The Pentagon has announced it will make payments to the families of victims killed in an accidental air raid last week.
A trauma centre belonging to medical charity Doctors Without Borders (MSF) was bombed in the Afghani city of Kunduz, which was recently overrun by Taliban fighters.
“The Department of Defense believes it is important to address the consequences of the tragic incident at the Doctors Without Borders hospital in Kunduz, Afghanistan,” Pentagon spokesman Peter Cook said in a statement.
“One step the Department can take is to make condolence payments to civilian non-combatants injured and the families of civilian non-combatants killed as a result of US military operations.”
The USA is authorised to hand out condolence payments through the Commanders’ Emergency Response Program, and has been known to give money to civilian victims of military operations in Iraq and Afghanistan.
Lump sum payments including $11,000 for running over a six-year-old Afghani boy’s legs and $2,000 for a child killed in combat operation were obtained through the Freedom of Information Act and reported by The Intercept.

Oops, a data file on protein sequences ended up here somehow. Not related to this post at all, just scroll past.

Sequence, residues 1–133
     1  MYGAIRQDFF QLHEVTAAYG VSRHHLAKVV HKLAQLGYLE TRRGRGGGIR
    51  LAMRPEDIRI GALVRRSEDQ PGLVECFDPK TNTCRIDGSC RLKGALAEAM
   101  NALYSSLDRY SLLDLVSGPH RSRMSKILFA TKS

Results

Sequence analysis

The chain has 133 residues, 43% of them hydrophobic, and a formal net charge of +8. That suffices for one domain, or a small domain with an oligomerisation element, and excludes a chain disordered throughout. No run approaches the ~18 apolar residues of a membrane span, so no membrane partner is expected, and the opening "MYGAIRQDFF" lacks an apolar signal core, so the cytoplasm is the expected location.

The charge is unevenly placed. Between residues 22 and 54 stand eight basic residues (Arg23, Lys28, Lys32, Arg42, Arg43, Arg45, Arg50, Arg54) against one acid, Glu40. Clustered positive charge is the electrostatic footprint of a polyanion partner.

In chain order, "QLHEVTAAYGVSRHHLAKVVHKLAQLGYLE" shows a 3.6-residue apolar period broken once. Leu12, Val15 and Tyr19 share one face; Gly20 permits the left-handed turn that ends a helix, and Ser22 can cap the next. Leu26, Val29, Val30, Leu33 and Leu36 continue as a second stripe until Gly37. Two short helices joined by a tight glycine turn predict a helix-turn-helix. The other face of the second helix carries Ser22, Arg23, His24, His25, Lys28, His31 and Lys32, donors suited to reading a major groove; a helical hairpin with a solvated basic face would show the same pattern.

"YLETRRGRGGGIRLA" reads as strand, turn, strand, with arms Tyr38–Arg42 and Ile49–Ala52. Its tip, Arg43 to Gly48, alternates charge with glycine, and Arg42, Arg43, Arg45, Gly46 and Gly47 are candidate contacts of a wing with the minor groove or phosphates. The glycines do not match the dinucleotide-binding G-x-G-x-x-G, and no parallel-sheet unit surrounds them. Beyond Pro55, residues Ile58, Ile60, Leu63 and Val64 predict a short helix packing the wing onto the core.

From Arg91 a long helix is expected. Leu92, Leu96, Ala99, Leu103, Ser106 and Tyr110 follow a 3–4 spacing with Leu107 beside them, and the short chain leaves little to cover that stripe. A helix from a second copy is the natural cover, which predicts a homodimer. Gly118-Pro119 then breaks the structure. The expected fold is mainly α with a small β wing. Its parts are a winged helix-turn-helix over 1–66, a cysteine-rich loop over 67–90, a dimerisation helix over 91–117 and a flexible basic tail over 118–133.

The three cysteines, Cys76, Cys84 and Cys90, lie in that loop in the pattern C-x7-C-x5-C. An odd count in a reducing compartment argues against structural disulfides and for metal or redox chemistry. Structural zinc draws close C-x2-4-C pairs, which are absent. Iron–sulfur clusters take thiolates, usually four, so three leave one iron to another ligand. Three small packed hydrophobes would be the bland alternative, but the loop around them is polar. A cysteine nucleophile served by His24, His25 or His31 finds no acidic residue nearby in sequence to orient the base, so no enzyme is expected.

The USA does not consider condolence payments to represent an admission of wrong doing, and there is no official and complete database recording the payments.
After changing its story several times in the aftermath of the attack, including referring to the deaths as “collateral damage”, the Pentagon admitted the bombing was a mistake and president Obama personally phoned the head of MSF to offer his apologies.
The attack on October 3 killed 23 people and wounded 37 others.
Doctors Without Borders US executive Jason Cone last week denounced the strike as a “war crime” and called for an independent inquiry into the incident.
Currently, an internal inquiry is being conducted by the US military and Afghani officials.